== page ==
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Polymeric microparticle synthesis via droplet microfluidics for sustained release of non-viral vectors applied to gene therapy

Grant number: 18/18523-3
Support type:Scholarships in Brazil - Doctorate (Direct)
Effective date (Start): December 01, 2018
Effective date (End): February 28, 2021
Field of knowledge:Engineering - Chemical Engineering
Principal Investigator:Lucimara Gaziola de la Torre
Grantee:Bruna Gregatti de Carvalho
Home Institution: Faculdade de Engenharia Química (FEQ). Universidade Estadual de Campinas (UNICAMP). Campinas , SP, Brazil
Associated research grant:15/20206-8 - Modulation of monocytes, macrophages and pericytes by the colony stimulating factor genes to treat murine limb ischemia, AP.TEM

Abstract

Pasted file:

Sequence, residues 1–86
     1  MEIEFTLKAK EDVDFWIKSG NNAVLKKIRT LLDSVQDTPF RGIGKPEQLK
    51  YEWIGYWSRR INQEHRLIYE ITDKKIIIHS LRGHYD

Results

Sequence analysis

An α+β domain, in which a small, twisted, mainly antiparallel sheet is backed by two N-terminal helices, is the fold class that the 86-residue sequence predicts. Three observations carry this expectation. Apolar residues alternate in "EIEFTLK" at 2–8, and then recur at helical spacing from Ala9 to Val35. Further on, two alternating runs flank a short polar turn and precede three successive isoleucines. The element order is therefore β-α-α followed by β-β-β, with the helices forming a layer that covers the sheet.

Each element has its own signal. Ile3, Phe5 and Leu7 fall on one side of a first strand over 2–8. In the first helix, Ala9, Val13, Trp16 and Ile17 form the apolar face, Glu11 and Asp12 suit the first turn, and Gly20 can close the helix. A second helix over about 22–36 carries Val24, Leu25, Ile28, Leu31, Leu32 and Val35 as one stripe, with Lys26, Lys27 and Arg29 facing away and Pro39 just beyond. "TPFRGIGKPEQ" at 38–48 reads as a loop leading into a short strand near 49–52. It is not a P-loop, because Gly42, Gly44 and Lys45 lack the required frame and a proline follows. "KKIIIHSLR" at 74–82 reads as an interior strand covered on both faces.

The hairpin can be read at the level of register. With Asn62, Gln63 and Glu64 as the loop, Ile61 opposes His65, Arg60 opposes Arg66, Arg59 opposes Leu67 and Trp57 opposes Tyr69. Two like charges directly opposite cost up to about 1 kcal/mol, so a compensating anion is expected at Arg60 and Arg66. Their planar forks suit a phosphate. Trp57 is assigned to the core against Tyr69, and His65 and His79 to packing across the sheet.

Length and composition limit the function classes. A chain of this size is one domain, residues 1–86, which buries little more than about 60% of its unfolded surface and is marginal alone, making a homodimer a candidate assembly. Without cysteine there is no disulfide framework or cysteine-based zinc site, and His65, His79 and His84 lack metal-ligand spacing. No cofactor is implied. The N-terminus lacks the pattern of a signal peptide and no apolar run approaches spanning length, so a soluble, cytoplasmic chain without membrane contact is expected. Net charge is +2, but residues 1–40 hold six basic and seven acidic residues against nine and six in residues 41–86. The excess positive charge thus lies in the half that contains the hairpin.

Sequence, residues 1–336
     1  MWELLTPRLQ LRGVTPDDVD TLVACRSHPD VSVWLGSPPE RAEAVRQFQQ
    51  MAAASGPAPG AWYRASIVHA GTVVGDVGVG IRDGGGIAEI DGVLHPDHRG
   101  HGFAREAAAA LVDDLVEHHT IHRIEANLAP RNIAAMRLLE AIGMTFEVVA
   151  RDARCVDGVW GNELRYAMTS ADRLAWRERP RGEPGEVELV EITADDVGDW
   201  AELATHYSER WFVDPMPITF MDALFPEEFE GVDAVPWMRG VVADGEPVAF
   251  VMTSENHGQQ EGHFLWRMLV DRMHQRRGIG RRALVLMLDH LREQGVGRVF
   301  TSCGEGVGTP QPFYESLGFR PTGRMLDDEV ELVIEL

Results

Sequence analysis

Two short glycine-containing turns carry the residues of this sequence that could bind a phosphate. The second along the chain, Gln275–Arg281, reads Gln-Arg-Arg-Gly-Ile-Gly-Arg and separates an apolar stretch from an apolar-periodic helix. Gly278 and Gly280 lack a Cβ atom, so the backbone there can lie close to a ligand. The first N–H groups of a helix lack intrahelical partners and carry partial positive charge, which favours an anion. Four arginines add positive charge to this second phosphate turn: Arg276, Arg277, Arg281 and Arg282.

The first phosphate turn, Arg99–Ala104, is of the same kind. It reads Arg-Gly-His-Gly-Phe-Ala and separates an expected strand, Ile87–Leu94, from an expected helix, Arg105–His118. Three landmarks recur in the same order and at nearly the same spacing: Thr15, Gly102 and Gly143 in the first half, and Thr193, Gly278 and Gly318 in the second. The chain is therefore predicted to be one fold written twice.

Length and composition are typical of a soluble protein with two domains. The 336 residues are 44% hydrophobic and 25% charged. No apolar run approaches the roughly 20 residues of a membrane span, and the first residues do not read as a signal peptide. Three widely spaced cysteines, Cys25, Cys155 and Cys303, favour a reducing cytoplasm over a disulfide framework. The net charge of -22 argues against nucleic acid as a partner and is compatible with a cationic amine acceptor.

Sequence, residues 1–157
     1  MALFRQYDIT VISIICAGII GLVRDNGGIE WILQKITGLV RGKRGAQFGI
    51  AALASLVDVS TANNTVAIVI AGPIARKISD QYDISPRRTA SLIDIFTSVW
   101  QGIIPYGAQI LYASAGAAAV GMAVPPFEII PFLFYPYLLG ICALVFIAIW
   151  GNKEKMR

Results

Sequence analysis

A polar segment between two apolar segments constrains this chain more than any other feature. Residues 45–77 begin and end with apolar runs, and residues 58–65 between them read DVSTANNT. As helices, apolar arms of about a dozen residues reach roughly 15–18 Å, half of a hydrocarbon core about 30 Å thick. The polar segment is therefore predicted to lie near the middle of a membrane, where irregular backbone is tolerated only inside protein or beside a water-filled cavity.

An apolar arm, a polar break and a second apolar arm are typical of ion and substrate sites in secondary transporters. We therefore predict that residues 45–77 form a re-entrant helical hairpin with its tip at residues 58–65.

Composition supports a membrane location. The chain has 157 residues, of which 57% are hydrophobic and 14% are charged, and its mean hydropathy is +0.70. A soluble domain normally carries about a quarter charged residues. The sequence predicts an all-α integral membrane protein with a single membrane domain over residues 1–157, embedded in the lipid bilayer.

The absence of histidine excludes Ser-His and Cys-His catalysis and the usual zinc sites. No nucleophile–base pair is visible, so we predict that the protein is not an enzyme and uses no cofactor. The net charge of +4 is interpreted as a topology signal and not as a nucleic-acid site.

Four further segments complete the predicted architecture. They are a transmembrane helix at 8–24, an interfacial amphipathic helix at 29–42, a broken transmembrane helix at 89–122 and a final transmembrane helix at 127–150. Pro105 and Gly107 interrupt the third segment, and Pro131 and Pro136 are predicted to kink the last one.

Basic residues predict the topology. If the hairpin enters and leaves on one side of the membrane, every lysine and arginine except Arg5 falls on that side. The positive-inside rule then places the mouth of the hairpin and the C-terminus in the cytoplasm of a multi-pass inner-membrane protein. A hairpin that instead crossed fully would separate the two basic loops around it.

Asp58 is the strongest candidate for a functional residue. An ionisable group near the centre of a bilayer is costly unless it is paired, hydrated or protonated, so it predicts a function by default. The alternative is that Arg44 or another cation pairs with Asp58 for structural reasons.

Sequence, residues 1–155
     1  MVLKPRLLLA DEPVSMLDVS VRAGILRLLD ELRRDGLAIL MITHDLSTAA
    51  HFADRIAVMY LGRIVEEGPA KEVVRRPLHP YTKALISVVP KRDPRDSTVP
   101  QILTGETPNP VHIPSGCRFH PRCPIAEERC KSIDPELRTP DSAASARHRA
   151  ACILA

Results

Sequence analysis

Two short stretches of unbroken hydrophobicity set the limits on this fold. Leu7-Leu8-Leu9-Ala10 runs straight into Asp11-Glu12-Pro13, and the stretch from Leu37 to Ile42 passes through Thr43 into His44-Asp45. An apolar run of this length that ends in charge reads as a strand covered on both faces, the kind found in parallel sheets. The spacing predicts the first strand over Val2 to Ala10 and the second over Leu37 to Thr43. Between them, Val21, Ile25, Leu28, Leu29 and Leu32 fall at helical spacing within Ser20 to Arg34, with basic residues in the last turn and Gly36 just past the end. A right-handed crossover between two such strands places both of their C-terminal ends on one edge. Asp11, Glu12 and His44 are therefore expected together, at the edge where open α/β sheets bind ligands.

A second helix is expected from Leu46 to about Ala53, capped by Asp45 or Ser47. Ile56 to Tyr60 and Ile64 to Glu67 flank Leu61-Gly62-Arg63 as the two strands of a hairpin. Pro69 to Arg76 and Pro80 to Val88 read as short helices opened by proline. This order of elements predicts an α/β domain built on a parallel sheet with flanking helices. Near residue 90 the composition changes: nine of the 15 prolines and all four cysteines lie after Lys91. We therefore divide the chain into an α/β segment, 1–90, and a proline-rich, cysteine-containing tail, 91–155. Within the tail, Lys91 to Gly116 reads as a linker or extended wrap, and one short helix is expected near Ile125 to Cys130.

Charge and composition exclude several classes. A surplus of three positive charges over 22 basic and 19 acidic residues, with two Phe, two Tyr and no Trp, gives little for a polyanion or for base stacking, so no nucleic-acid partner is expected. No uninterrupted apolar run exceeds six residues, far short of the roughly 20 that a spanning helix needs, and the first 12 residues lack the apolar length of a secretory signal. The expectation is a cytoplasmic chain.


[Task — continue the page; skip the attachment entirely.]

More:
This research project aims to develop multifunctional systems to release nanovectors for co-delivery of nucleic acids into cells. In this project, two important aspects will be explored for gene therapy improvement: (i) the development of nanovectors for co-delivery of plasmid DNA (pDNA) and small interfering (siRNA-silencer); and (ii) the synthesis of hybrid micro-carrier system composed of alginate/silk fibroin and alginate/chondroitin sulphate. Then, multifunctional systems will be designed using micro-carriers to sustained release of co-delivery nanovectors (i and ii). Gene therapy requires the transfer of genetic materials in vivo or ex vivo into target cells; being one of its greatest challenges the development of strategies able to improve the low levels of gene transfer and expression. In this context, the study of simultaneous and combined delivery (codelivery) of these therapeutic agents (pDNA and siRNA), which is still scarce in literature, can provide more expressive results to gene therapy. The gene expression level depends primarily on the efficiency of delivery of these materials into cells, which requires specific delivery systems, such as viral and non-viral vectors. The micro- carriers' synthesis and the encapsulation process of non-viral vectors' will be obtained by droplet microfluidics, which is a promising tool for synthesis of such structures; wherein it is possible to control size, polydispersity, shape, and internal structure. The sustained release implies less frequent in vivo administration when compared to conventional methods which may increase the patient's response to treatment. In the first stage of this project, hybrid microparticles will be synthesized in microchannels and characterized with respect to their morphological and physicochemical properties. Secondly, non-viral vectors as well as cationic liposomes (LCs) will be modified and adapted to the micro-carriers environment. Thus, these LCs will be used as standard vectors for the following nanocarriers development to codelivery of gene materials. In this step, LCs encapsulation efficiency and kinetic release will be verified in microcarrier system. Finally, the best non-viral vectors containing siRNA/pDNA and the best hybrid microparticles will form the multifunctional system, which will be used for transfection assay of HeLa Reporter Cells expressing Green Fluorescent Protein (GFP). Transfection efficiency will be determined by measuring GFP and RFP expression levels using fluorescence microscopy and flow cytometry. This project has collaboration with the Center for Cellular and Molecular Therapy (CTCMol) of the Federal University of São Paulo (UNIFESP), more specifically with the research group coordinated by Prof. Dr. Sang Won Han, who has expertise in the field of gene therapy. At the end of this project, it is expected with the creation of multifunctional systems to contribute to development of innovative strategies for sustained release. This project will act into the fields of droplet-microfluidics, microencapsulation, nanobiotechnology, sustained release, and gene therapy. (AU)